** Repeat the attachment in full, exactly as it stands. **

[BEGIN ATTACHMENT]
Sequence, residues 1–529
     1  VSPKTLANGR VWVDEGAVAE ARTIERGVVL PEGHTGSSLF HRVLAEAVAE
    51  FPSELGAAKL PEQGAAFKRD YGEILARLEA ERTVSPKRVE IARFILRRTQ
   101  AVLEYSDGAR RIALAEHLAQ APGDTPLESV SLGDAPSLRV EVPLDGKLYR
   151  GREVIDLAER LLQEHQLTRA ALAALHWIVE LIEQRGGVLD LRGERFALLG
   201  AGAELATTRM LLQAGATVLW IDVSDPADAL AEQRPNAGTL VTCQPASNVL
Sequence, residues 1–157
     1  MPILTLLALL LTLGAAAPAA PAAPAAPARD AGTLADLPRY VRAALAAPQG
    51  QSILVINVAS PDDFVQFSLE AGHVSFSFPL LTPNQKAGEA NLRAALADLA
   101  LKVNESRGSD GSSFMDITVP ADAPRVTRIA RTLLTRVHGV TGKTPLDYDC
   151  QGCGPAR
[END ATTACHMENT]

Sequence, residues 1–529
     1  VSPKTLANGR VWVDEGAVAE ARTIERGVVL PEGHTGSSLF HRVLAEAVAE
    51  FPSELGAAKL PEQGAAFKRD YGEILARLEA ERTVSPKRVE IARFILRRTQ
   101  AVLEYSDGAR RIALAEHLAQ APGDTPLESV SLGDAPSLRV EVPLDGKLYR
   151  GREVIDLAER LLQEHQLTRA ALAALHWIVE LIEQRGGVLD LRGERFALLG
   201  AGAELATTRM LLQAGATVLW IDVSDPADAL AEQRPNAGTL VTCQPASNVL
Sequence, residues 1–157
     1  MPILTLLALL LTLGAAAPAA PAAPAAPARD AGTLADLPRY VRAALAAPQG
    51  QSILVINVAS PDDFVQFSLE AGHVSFSFPL LTPNQKAGEA NLRAALADLA
   101  LKVNESRGSD GSSFMDITVP ADAPRVTRIA RTLLTRVHGV TGKTPLDYDC
   151  QGCGPAR